NAIROBI, March 19 (Reuters) - Gunmen in Ethiopia have shot and killed five workers from a mining company in the restive west on Tuesday, residents said, with a TV station reporting two foreigners among the dead.
The unidentified attackers struck near Nedjo town, about 500 km (310 miles) from the capital Addis Ababa in the Oromiya region where several conflicts simmer, the inhabitants told Reuters.
State-affiliated Fana Broadcasting said on Twitter three Ethiopians and two foreign nationals had died in the incident early on Tuesday. It did not give their countries.
The huge region is home to Ethiopia’s largest ethnic group, the Oromo, and has at least four separate conflicts in addition to a border dispute constantly threatening violence.
Prime Minister Abiy Ahmed, himself an Oromo, has overseen a series of major political and economic changes since coming to office in April 2018 - making peace with arch-foe Eritrea, freeing political prisoners, pledging to open up the state-controlled economy and promising to overhaul security services.
But the reforms have not stopped ethnically-charged violence - including in his own native region.
Ethiopia’s Oromo, who make up about a third of the population, have long complained of being marginalized during decades of authoritarian rule by governments led by politicians from other smaller ethnic groups. In recent years the Oromo have been angered by what they see as encroachment on their land.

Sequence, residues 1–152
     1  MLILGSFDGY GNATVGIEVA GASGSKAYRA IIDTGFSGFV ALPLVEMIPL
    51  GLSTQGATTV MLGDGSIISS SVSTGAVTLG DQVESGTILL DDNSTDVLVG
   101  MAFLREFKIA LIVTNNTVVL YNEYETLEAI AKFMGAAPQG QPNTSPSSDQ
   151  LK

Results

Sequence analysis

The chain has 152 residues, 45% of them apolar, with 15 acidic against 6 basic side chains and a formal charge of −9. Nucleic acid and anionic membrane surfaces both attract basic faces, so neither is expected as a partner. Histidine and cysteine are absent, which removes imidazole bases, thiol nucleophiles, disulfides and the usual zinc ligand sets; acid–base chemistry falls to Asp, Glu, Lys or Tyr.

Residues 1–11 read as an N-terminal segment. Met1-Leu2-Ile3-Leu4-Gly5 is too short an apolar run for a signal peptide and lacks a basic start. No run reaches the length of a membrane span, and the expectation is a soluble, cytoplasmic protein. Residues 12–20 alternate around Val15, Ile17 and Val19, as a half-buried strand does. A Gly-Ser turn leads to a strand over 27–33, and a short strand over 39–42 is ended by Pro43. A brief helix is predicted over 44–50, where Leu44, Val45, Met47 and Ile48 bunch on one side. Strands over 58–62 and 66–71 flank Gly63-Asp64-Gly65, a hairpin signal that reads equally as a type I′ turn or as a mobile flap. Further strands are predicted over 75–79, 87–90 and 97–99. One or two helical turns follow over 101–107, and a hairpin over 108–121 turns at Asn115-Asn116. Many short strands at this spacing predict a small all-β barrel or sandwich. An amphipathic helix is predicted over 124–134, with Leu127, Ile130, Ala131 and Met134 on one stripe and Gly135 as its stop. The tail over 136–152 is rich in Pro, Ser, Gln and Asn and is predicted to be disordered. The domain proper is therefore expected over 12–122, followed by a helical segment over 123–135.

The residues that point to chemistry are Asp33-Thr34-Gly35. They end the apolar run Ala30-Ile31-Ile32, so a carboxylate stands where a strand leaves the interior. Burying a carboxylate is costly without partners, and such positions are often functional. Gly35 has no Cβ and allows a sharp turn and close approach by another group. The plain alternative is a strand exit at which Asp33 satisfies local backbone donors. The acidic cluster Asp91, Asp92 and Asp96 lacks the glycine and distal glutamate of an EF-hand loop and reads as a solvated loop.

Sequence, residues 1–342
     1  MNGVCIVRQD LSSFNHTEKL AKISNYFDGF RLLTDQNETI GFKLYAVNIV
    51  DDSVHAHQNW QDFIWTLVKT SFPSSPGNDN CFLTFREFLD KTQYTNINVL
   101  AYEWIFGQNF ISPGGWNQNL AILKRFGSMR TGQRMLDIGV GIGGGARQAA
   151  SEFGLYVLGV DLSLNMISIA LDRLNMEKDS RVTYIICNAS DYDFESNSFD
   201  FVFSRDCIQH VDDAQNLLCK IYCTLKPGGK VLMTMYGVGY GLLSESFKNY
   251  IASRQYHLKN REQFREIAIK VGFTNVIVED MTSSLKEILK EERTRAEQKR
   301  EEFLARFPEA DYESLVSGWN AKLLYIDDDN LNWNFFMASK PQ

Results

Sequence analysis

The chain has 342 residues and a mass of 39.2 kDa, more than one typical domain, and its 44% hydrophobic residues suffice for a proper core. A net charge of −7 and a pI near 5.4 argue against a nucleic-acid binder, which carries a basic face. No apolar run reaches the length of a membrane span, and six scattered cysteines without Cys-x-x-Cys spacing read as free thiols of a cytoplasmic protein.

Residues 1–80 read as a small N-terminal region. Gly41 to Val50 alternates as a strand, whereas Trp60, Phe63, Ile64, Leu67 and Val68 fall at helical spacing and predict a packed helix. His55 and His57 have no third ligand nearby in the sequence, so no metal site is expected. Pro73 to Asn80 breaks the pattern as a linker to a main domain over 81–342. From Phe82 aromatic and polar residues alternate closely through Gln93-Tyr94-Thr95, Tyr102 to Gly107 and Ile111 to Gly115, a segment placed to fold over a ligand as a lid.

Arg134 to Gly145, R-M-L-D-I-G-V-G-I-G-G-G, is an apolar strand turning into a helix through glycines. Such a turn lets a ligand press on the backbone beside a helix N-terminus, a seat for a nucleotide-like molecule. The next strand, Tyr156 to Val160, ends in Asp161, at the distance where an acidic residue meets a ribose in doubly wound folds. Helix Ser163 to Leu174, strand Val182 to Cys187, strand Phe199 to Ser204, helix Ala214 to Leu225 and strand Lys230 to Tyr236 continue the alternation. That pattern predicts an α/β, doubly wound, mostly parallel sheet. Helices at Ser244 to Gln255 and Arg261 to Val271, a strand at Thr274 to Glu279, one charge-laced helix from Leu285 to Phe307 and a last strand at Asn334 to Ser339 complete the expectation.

It was unclear which mining company was involved in Tuesday’s incident.
Among companies operating in Ethiopia are MIDROC Gold Mine Plc owned by Ethiopian-born Saudi billionaire Mohammed Hussein al-Amoudi, which has operated an open-cast mine in the Guji zone of Oromia region for more than two decades.
Its licence was suspended last year after weeks of protests by locals who accused the mine of polluting their water and the atmosphere.
Others are Newmont Mining, which is prospecting for gold, while Norwegian fertiliser maker Yara International plans to build a potash mine and a fertiliser factory. (Writing by George Obulutsa; Editing by Elias Biryabarema and Andrew Cawthorne)
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